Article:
We have limited data on refugees

Making tangible progress on refugee education begins by collecting data on enrolment rates of forcibly displaced groups, which is far from easy. Since these groups are often invisible in national education sector plans, their education receives little or no budget allocation.

Some countries have taken steps to better monitor refugees’ education status. Chad developed an integrated system to improve refugee education data management, with the aim of eventually integrating the data in the national EMIS (Education Management Information System). The system, developed as an offline spreadsheet tool, includes a set of data collection forms for each camp, covering preschool, primary, middle and high school, as well as non-formal literacy programmes and higher education. Data quality has improved as a result, ensuring harmonised data collection, entry and compilation.

In Malaysia, refugees are not allowed to access the formal education system but instead attend community learning centres spread across Kuala Lumpur. UNHCR has mapped these centres to improve monitoring of enrolment, attendance and performance. A generic and open source online system was applied to 40 centres, which can now input data independently, improving the coverage and quality of data for this dispersed urban refugee population. Its use has led to more accurate data management, facilitating education programme design, implementation and monitoring.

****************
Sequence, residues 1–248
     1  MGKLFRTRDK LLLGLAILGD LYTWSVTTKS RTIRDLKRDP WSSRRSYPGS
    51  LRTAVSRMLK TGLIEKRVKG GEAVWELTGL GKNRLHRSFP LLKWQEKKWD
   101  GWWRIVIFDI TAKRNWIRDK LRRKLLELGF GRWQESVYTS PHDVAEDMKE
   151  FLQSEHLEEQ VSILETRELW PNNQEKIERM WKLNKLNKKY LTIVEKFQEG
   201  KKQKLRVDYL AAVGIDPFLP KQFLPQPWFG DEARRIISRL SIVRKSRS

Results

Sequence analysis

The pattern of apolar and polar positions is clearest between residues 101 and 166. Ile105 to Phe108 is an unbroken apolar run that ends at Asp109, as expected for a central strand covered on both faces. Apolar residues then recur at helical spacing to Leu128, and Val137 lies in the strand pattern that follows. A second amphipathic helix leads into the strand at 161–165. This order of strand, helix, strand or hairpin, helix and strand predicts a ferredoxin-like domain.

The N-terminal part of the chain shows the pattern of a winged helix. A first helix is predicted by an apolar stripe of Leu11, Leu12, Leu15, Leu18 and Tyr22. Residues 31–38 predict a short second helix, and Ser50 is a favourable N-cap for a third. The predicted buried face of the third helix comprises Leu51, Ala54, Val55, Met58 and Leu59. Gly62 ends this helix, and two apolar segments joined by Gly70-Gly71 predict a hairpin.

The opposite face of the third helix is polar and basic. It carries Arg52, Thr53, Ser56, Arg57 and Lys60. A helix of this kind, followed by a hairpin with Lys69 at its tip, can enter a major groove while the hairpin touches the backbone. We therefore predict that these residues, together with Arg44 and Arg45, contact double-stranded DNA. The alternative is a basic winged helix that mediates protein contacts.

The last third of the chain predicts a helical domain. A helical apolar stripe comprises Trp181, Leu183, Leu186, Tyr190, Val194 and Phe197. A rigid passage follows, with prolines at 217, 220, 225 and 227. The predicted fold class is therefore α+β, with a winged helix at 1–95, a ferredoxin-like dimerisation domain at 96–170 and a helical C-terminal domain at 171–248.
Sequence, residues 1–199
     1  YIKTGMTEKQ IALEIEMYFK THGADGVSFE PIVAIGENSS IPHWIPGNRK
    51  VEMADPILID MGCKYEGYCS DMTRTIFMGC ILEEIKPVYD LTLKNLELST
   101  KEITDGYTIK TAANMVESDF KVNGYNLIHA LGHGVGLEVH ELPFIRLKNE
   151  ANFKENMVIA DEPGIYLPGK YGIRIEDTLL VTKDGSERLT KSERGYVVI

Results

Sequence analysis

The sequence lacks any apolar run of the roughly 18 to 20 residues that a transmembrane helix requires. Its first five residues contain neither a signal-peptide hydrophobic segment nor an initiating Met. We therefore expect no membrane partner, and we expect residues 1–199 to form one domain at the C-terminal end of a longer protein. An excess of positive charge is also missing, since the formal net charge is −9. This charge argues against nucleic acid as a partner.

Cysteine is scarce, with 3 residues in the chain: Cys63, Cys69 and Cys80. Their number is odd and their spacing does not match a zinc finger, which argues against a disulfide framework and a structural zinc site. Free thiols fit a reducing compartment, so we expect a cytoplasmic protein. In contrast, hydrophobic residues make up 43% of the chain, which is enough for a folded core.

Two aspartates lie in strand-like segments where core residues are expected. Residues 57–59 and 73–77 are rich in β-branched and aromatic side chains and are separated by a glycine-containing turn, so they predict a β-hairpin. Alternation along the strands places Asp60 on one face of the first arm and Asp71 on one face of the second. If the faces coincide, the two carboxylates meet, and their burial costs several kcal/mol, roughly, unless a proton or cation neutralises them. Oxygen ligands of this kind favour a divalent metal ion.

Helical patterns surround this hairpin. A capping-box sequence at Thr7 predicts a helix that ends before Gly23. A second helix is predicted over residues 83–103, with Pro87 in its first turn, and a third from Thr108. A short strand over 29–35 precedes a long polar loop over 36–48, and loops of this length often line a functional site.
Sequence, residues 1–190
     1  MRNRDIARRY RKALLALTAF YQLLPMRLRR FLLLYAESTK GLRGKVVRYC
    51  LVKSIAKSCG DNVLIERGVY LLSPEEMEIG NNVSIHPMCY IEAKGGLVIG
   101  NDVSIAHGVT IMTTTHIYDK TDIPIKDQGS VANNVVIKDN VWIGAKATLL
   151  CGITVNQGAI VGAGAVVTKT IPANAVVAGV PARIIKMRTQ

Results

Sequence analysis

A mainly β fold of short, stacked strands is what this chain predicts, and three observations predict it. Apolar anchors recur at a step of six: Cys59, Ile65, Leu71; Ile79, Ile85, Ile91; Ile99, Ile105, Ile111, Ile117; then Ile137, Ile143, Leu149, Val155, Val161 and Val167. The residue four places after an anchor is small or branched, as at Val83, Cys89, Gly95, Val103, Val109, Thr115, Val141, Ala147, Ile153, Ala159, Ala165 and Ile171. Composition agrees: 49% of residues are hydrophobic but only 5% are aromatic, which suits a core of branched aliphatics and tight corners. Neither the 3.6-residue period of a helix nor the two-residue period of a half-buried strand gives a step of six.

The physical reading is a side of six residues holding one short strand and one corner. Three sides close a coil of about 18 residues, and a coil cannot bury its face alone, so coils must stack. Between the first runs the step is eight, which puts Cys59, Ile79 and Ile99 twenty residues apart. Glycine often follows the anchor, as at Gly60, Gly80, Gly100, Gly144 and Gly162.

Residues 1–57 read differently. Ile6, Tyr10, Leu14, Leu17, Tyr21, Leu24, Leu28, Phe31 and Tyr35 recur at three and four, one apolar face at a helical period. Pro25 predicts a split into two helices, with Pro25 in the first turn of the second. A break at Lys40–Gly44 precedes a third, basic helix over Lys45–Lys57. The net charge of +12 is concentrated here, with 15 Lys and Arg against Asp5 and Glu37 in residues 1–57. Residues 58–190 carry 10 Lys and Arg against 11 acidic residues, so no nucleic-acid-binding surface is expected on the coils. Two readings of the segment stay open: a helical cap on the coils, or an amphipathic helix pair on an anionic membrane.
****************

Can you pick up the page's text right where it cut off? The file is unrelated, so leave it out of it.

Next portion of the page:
ICTs can also provide crucial monitoring and information as we showed in a recent blog. They can be used to collect data, such as by surveying teachers, which can be shared with all those working in a crisis setting. OpenEMIS Refugees developed by UNESCO, for instance, tracks education data in emergency settings, and has been used in Jordan to collect information on displaced children attending schools.

IDP, refugee and stateless communities lack skills for work

Countries that have addressed this have used flexible, post primary education. For instance, the Norwegian Refugee Council’s Youth Education Pack offers a one-year, full-time intensive course, which trains 15- to 24-year-olds in literacy and numeracy skills, livelihood skills geared toward self-employment, and various life skills. It has been implemented in 13 countries, ranging from Afghanistan to Timor-Leste. At the end of the course, graduates receive a start-up kit to help them set up a micro-business.

Refugees need assistance to enter higher education

Higher education opportunities for refugees have historically been extremely limited with less than 1% of refugee youth able to access universities.